Monday, October 6, 2008

On Topic – RICS latest absurd prediction

Rics warns building slowdown could reignite housing boom

Moves by housebuilders to down tools and mothball projects will demolish the government’s new homes target and could trigger another boom-bust cycle, the Royal Institution of Chartered Surveyors has warned. The government needs 200,000 homes built a year to hit its target of two million homes by 2016, but the total so far this year is only 66,200, said Rics. Failure to hit this target could see surging house prices if demand outstrips supply, said Rics senior economist Oliver Gilmartin.

Posted by jack c @ 09:13 AM (1176 views)
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23 thoughts on “On Topic – RICS latest absurd prediction

  • matt_the_hat says:

    I WISH PEOPLE WOULD STOP POSTING THIS DRIBBLE AND POST REAL STORIES

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  • another alan says:

    These posts are great. The desperation displayed by individuals and groups is very instructive.

    This ‘senior economist’ needs to know the difference between effective demand and demand.

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  • Actually Matt, RICS is being quite responsible here.

    Although they have a strong vested interest, they are making the valid point that if house building does not resume, the seeds of another boom-bust cycle will be sown.

    I am hoping that in the aftermath of this crash, there will be a political imperative to not allow such an event to happen again. Key to that is ensuring a demonstrable surplus of land available for development, thereby keeping land and property prices in check.

    It is also valid to express concern at the current lack of house building, as having thousands in the construction industry, and associated trades, laid off; will only worsen the current crisis.

    My bad news for RICS is that the construction industry, fuelled by easy profits, has let itself get immersed in a huge excess of bureaucracy – there are now far too many surveyors, and not enough brickies..

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  • Eternal Sceptic says:

    An absolute waste of cyber space, posting this pathetic nonsense.

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  • planning4acrash says:

    It’s possible, during hyperstag, or 2 coin a new term, hyper(staged)flation, never seen before, engineered 4 u, by central b(w)ankers,that prices go ballistic as £ gets worthless, yet prices fall against gold, silver& some other real mediums of exchange.

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  • I agree there is a supply and demand problem, but it will NOT force prices ever higher, at least not in the short to medium term. There is a huge demand for, but limited supply of AFFORDABLE housing in good areas, that fulfill the quality and space requirements of ‘social’ housing, not build ’em cheap, stack ’em high new builds of the last 10 years.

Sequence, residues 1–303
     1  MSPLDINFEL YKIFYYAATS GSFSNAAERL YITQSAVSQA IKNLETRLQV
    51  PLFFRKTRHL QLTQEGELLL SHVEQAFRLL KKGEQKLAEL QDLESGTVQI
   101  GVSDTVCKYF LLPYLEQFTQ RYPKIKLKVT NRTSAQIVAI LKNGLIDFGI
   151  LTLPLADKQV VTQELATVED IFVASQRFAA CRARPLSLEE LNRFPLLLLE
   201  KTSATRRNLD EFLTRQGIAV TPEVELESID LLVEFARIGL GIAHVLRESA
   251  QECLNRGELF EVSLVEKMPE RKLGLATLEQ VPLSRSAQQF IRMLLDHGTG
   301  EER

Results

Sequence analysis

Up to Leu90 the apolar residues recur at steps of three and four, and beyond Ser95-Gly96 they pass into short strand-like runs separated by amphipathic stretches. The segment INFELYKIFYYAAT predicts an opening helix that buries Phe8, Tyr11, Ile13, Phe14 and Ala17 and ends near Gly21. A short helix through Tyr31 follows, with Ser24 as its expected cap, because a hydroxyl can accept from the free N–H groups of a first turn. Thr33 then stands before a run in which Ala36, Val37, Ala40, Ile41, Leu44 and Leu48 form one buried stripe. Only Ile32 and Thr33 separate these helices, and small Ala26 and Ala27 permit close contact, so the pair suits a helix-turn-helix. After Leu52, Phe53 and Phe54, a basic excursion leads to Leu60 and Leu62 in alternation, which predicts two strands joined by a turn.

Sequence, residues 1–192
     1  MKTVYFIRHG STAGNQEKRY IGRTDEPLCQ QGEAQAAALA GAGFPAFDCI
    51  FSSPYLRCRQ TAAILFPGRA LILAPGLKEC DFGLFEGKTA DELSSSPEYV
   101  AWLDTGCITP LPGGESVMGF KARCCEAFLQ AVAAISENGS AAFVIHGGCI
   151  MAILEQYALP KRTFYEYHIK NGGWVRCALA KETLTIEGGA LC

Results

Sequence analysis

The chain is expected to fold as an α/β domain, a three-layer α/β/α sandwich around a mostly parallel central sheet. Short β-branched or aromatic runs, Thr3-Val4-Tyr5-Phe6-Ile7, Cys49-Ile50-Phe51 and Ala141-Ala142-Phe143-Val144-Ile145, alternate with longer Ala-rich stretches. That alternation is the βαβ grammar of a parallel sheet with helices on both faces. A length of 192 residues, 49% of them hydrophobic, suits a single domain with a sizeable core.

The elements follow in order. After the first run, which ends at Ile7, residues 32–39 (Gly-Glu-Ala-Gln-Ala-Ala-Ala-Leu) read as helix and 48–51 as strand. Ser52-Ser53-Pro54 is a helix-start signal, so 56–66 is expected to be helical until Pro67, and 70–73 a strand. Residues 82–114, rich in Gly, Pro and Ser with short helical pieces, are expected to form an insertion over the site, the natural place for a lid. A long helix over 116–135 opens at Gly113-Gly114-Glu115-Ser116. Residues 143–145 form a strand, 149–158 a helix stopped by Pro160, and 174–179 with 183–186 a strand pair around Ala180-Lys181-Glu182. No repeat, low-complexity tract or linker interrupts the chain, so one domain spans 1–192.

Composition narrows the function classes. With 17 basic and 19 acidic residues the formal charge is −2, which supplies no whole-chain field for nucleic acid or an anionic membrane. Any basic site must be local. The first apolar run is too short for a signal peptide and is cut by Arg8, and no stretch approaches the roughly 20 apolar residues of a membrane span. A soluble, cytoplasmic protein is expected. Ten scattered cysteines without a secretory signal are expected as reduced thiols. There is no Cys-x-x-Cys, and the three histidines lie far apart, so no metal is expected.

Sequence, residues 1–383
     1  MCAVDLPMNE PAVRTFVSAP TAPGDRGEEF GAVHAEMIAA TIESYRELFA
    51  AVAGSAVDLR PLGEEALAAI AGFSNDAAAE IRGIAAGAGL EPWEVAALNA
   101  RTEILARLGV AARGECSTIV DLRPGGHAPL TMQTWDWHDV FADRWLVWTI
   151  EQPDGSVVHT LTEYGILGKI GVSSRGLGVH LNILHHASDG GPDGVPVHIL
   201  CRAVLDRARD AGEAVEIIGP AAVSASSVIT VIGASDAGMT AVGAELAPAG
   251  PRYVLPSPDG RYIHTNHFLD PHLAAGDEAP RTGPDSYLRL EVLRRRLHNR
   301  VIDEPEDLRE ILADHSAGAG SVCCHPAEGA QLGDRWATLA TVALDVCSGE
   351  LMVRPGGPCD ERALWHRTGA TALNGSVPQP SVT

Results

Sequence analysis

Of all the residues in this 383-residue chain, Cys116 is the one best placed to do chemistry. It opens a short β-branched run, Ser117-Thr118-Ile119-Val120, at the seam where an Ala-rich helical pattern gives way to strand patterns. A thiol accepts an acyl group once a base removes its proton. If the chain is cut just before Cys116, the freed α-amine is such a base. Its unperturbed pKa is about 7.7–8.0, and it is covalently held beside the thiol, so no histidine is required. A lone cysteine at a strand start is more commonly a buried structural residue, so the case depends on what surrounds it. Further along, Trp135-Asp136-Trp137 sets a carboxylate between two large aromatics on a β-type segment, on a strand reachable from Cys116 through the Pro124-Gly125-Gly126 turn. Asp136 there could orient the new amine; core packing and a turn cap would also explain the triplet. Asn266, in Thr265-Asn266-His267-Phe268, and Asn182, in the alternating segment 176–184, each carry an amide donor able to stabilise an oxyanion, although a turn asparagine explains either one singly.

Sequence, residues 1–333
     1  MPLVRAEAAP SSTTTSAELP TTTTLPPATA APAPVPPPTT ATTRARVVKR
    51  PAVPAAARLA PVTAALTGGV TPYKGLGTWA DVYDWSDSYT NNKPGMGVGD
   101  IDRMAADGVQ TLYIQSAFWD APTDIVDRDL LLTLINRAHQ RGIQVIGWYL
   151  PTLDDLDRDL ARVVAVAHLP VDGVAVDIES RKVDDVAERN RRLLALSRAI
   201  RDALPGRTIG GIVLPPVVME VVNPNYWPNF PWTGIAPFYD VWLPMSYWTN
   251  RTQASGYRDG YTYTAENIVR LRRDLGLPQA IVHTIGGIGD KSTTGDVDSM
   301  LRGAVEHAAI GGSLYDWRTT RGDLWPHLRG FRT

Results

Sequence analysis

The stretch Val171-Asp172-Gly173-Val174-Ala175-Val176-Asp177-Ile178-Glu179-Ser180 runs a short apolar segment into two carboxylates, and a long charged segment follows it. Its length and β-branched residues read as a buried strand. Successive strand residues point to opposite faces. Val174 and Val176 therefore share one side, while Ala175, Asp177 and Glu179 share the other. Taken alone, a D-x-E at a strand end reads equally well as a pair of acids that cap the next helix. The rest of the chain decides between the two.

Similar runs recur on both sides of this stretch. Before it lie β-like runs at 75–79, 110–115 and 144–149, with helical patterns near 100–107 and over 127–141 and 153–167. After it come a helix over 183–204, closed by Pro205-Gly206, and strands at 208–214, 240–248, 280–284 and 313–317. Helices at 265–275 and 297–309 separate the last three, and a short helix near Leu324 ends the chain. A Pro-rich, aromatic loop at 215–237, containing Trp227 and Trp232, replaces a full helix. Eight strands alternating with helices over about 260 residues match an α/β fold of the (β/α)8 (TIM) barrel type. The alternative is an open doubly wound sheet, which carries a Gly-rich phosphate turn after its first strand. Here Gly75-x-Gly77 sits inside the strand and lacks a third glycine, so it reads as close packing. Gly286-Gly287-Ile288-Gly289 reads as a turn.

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  • matt_the_hat says:

    Are we still spouting this supply and demand problem – go into any city centre look at any new flat development ask how many are empty – the poles are going back to Poland to get a decent wage. Its never been supply and demand and thats why there are so many posts regarding credit – its a money supply problem – too much of it. But now its pay back time. Let bury this S&D argument for good.

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  • HPI requires credit. Credit is non-existent. This senior economist should collect their p45 and go directly to the dole office. Do not pass “go”. Do not collect £200.

    What I want to know is the following: does the senior economist truly believe what s/he says?!

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  • planning4acrash says:

    Uncle Tom, they are actually saying that, it times of low demand, builders restrict supply, to put a floor on prices. This good free market reaction somehow framed as bad by these lunatics. But, caused by intervention, it has -ive social
    Implication too.

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  • I’d hope that a senior economist could come up with something better than this. ‘The seeds of another boom bust?” I haven’t heard anything that suggests another boom bust is not going to happen anyway.

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  • planning4acrash says:

    It is the same as blaming short sellers 4 market collapse. They risk liquidity, that they inject if stocks fall to a stated level, thus providing liquidity & a floor 4 prices when everybody else is selling. But short sellers are enemies 2 asset strippers.

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  • p4c,

    The builders are not that well organised – if they can’t sell, they run out of cash and have to stop building – there’s no grand plan.

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  • planning4acrash says:

    Coz short limit prices from being artificially depressed, just as long sellers stop them being artificially inflated by taking away liquidity whilst everybody else is buying. The stability they provide is why they were banned,they threatened the parasites

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  • Landedgentry says:

    They seem to assume that demand can always be satisfied at any price. A lot of people wanted to fly on concorde before it was deemed too expensive to continue the project. What about people making do with alternatives?